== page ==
From time to time something comes along to give you a gentle nudge, prompting you to reassess your knowledge as a professional. Such an occasion came last month in the form of the ever-enjoyable UX Bookclub Belfast.
People are liars (apparently)
The book being discussed was “100 Things Designers Should Know About People” by Susan Weinschenk. Compiled from a series of blog posts, “100 Things…” features some eyebrow-raising revelations on the apparent true needs of users, versus what people say they want. The book prompted a number of comments along the lines of “I’m a designer. I knew a lot of this stuff already… but I’m not sure how.”
Is there a designer in the house?
Professional practice in any number of design disciplines, graphic and UI among them, is not absolute, differentiating them from law, medicine or accounting for example. However design should not be subjective. The weakest possible position a designer can adopt in communicating with a client is a “just trust me, I know best” stance. Any sense of the designer-as-artist can result in needless, subjective discussions. In other words, either have a good reason for deploying a particular colour or prepare for a discussion over who’s favourite colour is best.
The appliance of science
One of the many positive developments to have occurred during my time as a professional is the proliferation of scientific thinking in the industry. The influence and contributions of thought leaders such as Donald Norman, Alan Cooper and others cannot be overstated; what they have brought to the table is a shift in rationale from the old, instinctive design sensibility to a more effective, research-driven approach. So we have gone from arguing that a button with rounded corners simply “looks right” (instinctive) to stating that it has affordance and benefits from the Aesthetic-Usability Effect (scientific). What’s more, data supports the fact that attractive things work better.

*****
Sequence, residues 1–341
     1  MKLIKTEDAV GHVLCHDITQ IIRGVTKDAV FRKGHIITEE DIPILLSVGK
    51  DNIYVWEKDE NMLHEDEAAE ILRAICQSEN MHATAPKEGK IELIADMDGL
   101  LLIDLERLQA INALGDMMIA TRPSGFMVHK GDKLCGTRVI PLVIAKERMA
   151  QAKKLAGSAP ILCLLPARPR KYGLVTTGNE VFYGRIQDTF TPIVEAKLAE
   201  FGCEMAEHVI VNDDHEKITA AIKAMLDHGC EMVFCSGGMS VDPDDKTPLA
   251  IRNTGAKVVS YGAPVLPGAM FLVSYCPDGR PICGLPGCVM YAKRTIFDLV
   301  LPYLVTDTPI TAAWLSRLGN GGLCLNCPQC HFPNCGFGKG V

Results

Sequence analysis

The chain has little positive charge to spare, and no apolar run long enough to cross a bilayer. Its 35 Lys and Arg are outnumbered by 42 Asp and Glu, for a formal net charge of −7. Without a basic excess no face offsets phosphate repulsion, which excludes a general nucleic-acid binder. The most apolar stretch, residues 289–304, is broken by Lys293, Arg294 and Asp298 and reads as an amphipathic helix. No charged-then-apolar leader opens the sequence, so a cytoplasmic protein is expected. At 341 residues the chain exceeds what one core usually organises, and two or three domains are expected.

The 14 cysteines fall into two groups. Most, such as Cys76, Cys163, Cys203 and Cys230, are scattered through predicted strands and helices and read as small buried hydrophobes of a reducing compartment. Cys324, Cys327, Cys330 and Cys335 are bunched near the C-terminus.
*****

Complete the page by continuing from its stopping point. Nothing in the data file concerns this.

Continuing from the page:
That’s… logical, captain
Without question this type of approach demands more from the designer: craft, study, insight. It can also supply some much-needed constraints within which creativity can flourish, rather than relying on the artist’s muse. Arguing a point based on data and evidence is less likely to result in needless exchanges with a client over the amount of [insert client’s favourite colour here]. That’s not to say it will never happen, but our position as professionals is strengthened when we can actively demonstrate a thorough knowledge of the rules of the game.
We might assume to “know” so much gained from experience or absorbed from years of industry-related reading but regular reassessment of what we assume to be firm knowledge can only be healthy. Plus it is much more conducive to a sustained and successful career in design. Taking the opportunity has never been easier, with the web as a central hub for debates and discussions that lead to shifts in our industry and each of us with a front row seat.
Hackneyed it may be, but designers cannot afford to stop learning about the components of professional practice, particularly those of us who have had extended tenures in the field. Old thinking needs to be identified and regularly weeded out. We need to challenge accepted truths time and again, reassess our own subjective views and progress our work and contribution.
Gratuitous Star Wars quote
To paraphrase Yoda, we need to unlearn what we have learned – and then relearn it, sometimes daily.